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CRED Rapid Ecological Assessments of Coral Health and Disease in the Pacific Ocean 2005-2008
Citation
Coral Reef Ecosystem Division (CRED), Pacific Island Fisheries Sciences Center, NOAA National Marine Fisheries Service. 2011. CRED Rapid Ecological Assessments of Coral Health and Disease in the Pacific Ocean 2005-2008. Coral Reef Ecosystem Division Honolulu, HI.Retrieved from http://www.usgs.gov/obis-usa/.

Access data
Availability: Creative Commons License This dataset is licensed under a Creative Commons Attribution 4.0 International License.

Description
Corals are the defining species in one of the highest diversity marine ecosystems, coral reefs. CRED studies of corals address basic questions concerning the distribution, abundance, and condition (health-disease) of corals and coral reefs throughout selected areas of the tropical and subtropical Pacific under U.S. jurisdiction. more

Corals are the defining species in one of the highest diversity marine ecosystems, coral reefs. CRED studies of corals address basic questions concerning the distribution, abundance, and condition of corals and coral reefs throughout selected areas of the tropical and subtropical Pacific under U.S. jurisdiction. The suite of questions addressed by CRED studies includes:

  1. What is the diversity and relative abundance of corals?
  2. How can the habitats in which corals occur be qualitatively and quantitatively analyzed?
  3. What is the spatial distribution of habitats in which corals occur?
  4. What is the capacity of corals to replenish populations over space and time?
  5. What are appropriate indicators of reef health?
  6. Are the reefs healthy?
  7. How are the reefs changing over time?
Several methods are used to address these questions. Any one method can address only a certain subset of questions; no one method can address them all. Methods used by CRED and its partners include towed divers surveys, Rapid Ecological Assessments (REAs), permanent transects, recruitment plates, and sampling for assessment of reproductive status. Disease is defined as any impairment that interferes with or modifies the performance of normal physiological functions, including responses to environmental factors such as nutrients, toxicants, and climate; infectious agents; inherent or congenital defects; or a combination of these factors (Wobeser 2006). CRED has embarked on a long-term, broad-scale coral disease assessment and monitoring program aimed at documenting the prevalence of coral diseases on U.S. Pacific reefs and investigating factors that may be contributing to the occurrence of disease. Since 2006, and with direct support from NOAA's Coral Reef Conservation Program, we have conducted coral disease surveys at: Johnston and Wake Atolls, the Line and Phoenix Islands, American Samoa, the main Hawaiian Islands, the Northwestern Hawaiian Islands, Guam, and the Commonwealth of the Northern Mariana Islands (CNMI). Disease prevalence, for which no data existed in many of the U.S. Pacific jurisdictions prior to this project (e.g., Howland, Baker, and Jarvis Islands, Kingman Reef, Wake Atoll, and the CNMI), is now better characterized, and a better understanding of disease occurrence and potential impacts on U.S. Pacific coral reefs is emerging. Abstract was written by OBIS-USA using Excerpts from CRED Homepage.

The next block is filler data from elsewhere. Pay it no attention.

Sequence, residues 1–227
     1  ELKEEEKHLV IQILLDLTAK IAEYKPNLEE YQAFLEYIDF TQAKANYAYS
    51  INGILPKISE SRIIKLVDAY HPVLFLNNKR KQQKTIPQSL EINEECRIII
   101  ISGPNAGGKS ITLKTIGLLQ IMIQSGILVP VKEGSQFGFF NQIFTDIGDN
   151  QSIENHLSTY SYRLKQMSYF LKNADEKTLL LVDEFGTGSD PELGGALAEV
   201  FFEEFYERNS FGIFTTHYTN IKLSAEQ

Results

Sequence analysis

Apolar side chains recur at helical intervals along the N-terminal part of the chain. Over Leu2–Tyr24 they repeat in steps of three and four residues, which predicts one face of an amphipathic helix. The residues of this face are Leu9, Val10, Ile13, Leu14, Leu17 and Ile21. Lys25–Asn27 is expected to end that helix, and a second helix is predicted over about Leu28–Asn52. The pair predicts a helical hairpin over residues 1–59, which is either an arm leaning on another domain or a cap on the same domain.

Scope
Themes:
Biology > Invertebrates
Keywords:
Marine

Contributors
Federal Government of the United States of America; Coral Reef Ecosystem Division (CRED), moredata provider
Federal Government of the United States of America; Department of Commerce; National Oceanic and Atmospheric Administration; National Marine Fisheries Service; Pacific Islands Fisheries Science Center (PIFSC), moredata provider

Related datasets
Published in:
OBIS-USA: US Ocean Biogeographic Informaton System, more

URLs

Dataset status: Completed
Data type: Data
Data origin: Monitoring: field survey
Metadatarecord created: 2012-12-12
Information last updated: 2012-12-12
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